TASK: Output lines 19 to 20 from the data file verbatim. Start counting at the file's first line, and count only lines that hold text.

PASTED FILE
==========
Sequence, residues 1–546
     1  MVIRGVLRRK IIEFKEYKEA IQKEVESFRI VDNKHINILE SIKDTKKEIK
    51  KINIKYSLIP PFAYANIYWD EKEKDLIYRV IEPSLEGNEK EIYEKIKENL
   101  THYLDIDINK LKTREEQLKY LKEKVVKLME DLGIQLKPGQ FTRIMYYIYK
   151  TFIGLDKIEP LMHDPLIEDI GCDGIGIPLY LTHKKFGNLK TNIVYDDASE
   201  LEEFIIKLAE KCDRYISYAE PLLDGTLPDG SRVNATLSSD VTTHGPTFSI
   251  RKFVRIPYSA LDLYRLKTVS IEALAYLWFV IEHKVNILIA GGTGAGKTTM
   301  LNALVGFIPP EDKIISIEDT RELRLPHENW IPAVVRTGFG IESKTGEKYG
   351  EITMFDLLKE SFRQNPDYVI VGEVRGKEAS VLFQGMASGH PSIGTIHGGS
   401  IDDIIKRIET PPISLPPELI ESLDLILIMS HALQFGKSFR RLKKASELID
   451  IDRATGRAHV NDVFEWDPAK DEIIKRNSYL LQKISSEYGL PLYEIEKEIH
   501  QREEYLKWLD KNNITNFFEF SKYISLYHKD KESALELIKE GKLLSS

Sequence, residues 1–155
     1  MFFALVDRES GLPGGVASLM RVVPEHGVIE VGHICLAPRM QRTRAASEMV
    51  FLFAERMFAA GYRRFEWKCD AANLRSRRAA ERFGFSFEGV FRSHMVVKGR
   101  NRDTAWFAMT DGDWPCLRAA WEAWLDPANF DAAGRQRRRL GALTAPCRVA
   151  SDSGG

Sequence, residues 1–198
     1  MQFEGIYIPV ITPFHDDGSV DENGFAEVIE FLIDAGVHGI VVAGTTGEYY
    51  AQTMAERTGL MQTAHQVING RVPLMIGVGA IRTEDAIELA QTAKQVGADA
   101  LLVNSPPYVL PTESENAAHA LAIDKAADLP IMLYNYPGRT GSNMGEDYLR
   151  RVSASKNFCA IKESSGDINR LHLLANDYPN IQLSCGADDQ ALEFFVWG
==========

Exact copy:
     1  MQFEGIYIPV ITPFHDDGSV DENGFAEVIE FLIDAGVHGI VVAGTTGEYY
    51  AQTMAERTGL MQTAHQVING RVPLMIGVGA IRTEDAIELA QTAKQVGADA